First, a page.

Judicial Watch Statement on IRS Records Scandal 07-17-17
Judicial Watch President Tom Fitton issued the following statement in response to a July 13 Treasury Inspector General for Tax Administration report, which finds the Internal Revenue Service’s (IRS) records management practice resulted in lost records and incomplete IRS responses to Freedom of Information Act (FOIA) requests and congressional inquiries.
This new report is shocking but not surprising. We have long battled the IRS in court over its obstruction in responding to FOIA requests about Obama era IRS abuses. It is a scandal that the Obama IRS did not tell Judicial Watch, the courts, or Congress about the loss of government records. Our attorneys will review this report to assess whether we should seek relief and accountability from the courts. In the meantime, President Trump should finally fire IRS Commissioner John Koskinen and direct the Justice Department to reopen its criminal inquiry into the Obama IRS abuses and cover-ups.
In April, Judicial Watch filed a Freedom of Information Act (FOIA) lawsuit against the IRS to obtain records relating to the agency’s “preservation and/or retention” of the email records of officials who have left the agency since January 2010. (Judicial Watch v. Internal Revenue Service (No.1:17-cv-00596)).
The suit was filed as part of Judicial Watch’s continuing efforts to gain information about the IRS’ targeting of conservative groups and citizens during the Obama administration.
Judicial Watch’s litigation forced the IRS first to say that emails belonging to Lois Lerner, former director of the Exempt Organizations Unit of the IRS, were supposedly missing and later declare to the court that the emails were on IRS back-up systems. Lerner was one of the top officials responsible for the IRS’ targeting of President Obama’s political opponents. Judicial Watch exposed various IRS’ record keeping problems:
- In June 2014, the IRS claimed to have “lost” responsive emails belonging to Lerner and other IRS officials.
- In July 2014 Judge Emmett Sullivan ordered the IRS to submit to the court a written declaration under oath about what happened to Lerner’s “lost” emails. The sworn declarations proved to be less than forthcoming.
- In August 2014, Department of Justice attorneys for the IRS finally admitted Judicial Watch that Lerner’s emails, indeed all government computer records, are backed up by the federal government in case of a government-wide catastrophe. The IRS’ attorneys also disclosed that Treasury Inspector General for Tax Administration (TIGTA) was looking at several of these backup tapes.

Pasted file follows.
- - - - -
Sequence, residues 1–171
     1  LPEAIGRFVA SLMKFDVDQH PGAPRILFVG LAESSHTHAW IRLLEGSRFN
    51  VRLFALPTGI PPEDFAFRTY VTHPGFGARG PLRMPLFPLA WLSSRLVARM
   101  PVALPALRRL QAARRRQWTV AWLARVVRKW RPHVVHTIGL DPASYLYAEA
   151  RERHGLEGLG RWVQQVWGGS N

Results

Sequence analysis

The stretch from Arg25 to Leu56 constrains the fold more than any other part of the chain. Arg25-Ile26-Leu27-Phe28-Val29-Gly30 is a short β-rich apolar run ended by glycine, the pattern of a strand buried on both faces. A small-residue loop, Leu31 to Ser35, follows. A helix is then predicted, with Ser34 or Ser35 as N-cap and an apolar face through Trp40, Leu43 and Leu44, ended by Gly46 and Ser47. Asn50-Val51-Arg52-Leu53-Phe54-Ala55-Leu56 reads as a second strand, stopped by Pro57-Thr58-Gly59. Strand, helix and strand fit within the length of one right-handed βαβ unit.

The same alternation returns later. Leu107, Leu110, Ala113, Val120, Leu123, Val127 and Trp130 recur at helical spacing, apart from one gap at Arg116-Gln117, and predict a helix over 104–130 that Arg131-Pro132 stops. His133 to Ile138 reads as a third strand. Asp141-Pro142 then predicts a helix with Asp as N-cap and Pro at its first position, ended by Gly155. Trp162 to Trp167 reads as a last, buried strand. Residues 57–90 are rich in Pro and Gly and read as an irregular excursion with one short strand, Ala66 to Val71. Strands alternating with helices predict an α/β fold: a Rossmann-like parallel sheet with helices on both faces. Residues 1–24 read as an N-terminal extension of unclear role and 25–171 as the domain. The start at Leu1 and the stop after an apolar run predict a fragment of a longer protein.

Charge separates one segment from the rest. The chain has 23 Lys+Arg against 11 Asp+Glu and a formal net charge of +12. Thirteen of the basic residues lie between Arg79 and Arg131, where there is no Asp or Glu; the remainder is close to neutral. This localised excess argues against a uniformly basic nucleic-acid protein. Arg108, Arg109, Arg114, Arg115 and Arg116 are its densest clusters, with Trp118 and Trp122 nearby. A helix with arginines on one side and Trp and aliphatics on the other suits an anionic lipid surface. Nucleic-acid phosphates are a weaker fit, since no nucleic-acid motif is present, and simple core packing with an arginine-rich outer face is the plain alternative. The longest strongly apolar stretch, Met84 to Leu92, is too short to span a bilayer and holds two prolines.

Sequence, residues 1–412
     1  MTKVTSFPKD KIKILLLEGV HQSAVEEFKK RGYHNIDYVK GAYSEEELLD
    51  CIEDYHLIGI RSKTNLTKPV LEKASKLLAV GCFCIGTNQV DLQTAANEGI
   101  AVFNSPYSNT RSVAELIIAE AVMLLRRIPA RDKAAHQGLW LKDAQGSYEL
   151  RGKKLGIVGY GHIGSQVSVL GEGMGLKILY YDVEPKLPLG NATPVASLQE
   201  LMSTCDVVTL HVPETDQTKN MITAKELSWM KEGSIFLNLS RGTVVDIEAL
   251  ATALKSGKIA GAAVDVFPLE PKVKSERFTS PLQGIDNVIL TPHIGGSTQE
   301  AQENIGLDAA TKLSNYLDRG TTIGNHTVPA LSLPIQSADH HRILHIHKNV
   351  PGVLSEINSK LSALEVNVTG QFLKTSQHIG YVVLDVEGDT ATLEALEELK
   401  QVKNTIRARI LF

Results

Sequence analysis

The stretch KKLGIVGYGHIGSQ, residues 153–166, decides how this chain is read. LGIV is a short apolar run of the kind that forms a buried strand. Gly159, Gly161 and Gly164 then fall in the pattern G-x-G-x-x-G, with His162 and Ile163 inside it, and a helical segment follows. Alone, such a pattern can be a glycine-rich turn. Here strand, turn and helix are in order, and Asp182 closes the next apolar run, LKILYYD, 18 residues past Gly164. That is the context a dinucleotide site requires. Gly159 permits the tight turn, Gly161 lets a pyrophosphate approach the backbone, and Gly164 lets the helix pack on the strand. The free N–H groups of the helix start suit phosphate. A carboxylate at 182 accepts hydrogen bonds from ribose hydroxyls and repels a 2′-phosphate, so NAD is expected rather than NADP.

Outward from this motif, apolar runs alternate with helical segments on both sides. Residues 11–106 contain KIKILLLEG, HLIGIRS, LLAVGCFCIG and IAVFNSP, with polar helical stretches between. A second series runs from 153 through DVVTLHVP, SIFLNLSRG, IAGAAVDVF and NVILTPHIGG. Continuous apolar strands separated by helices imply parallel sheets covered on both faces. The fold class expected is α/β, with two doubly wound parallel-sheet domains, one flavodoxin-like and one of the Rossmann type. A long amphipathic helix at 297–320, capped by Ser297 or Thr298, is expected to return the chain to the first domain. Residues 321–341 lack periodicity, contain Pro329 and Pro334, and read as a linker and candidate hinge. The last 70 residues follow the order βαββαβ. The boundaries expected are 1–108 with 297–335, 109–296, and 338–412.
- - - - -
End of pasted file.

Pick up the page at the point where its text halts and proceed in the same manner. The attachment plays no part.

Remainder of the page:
- In November 2014, the IRS told the court it had failed to search any of the IRS standard computer systems for the “missing” emails of Lerner and other IRS officials.
- On February 26, 2015, TIGTA officials testified to the House Oversight and Government Reform Committee that it had received 744 backup tapes containing emails sent and received by Lerner. This testimony showed that the IRS had falsely represented to both Congress, Judge Sullivan, and Judicial Watch that Lerner’s emails were irretrievably lost. The testimony also revealed that IRS officials responsible for responding to the document requests never asked for the backup tapes and that 424 backup tapes containing Lerner’s emails had been destroyed during the pendency of Judicial Watch’s lawsuit and Congressional investigations.
- In June 2015, Judicial Watch forced the IRS to admit in a court filing that it was in possession of 6,400 “newly discovered” Lerner emails. Judge Emmet Sullivan’s ordered the IRS to provide answers on the status of the Lerner emails the IRS had previously declared lost. Judicial Watch raised questions about the IRS’ handling of the missing emails issue in a court filing, demanding answers about Lerner’s emails that had been recovered from the backup tapes.
- In July 2015, U.S District Court Judge Emmet Sullivan threatened to hold John Koskinen, the commissioner of the Internal Revenue Service, and Justice Department attorneys in contempt of court after the IRS failed to produce status reports and recovered Lerner emails, as he had ordered on July 1, 2015.